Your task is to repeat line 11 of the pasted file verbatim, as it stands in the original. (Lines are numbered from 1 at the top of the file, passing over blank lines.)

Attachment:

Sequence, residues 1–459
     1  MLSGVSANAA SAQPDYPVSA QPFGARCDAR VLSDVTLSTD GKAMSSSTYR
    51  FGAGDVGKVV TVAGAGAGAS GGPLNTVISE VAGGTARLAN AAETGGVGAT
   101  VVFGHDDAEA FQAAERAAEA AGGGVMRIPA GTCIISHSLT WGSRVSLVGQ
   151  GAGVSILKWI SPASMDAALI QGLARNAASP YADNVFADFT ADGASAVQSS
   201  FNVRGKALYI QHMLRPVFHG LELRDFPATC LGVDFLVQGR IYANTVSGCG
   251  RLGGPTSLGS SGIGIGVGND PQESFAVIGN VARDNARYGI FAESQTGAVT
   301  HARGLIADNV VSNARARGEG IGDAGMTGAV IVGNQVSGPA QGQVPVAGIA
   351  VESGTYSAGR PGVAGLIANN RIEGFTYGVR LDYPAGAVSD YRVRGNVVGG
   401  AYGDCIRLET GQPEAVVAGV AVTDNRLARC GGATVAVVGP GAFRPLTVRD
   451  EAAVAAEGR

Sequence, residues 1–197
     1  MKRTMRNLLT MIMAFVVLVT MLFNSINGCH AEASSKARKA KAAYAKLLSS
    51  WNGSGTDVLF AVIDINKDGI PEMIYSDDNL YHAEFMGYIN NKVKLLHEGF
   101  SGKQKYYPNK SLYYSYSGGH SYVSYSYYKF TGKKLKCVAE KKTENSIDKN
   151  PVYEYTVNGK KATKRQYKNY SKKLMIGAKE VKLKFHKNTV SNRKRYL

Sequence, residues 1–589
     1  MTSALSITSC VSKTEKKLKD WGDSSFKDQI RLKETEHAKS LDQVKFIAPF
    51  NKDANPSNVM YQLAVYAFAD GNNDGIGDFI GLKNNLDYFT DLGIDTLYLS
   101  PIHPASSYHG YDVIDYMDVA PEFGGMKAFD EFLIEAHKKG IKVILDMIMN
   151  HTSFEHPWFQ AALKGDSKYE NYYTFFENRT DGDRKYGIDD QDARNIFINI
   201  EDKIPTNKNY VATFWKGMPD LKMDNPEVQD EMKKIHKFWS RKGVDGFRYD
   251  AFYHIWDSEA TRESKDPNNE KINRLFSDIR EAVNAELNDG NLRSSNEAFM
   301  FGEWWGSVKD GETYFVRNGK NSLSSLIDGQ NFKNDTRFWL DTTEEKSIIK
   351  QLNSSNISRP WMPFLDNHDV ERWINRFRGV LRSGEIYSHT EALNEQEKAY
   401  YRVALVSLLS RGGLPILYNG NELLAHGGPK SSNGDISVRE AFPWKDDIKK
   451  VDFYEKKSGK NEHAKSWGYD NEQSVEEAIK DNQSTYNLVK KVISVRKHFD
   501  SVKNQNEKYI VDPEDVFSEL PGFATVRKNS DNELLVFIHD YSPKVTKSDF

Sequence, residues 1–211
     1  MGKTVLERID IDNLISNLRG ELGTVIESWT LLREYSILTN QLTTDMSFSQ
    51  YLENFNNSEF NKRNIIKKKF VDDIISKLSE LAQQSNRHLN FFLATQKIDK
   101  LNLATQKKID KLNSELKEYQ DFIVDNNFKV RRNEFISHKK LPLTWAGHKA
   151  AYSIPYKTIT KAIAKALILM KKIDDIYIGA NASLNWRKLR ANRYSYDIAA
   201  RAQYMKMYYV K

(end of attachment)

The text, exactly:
   451  EAAVAAEGR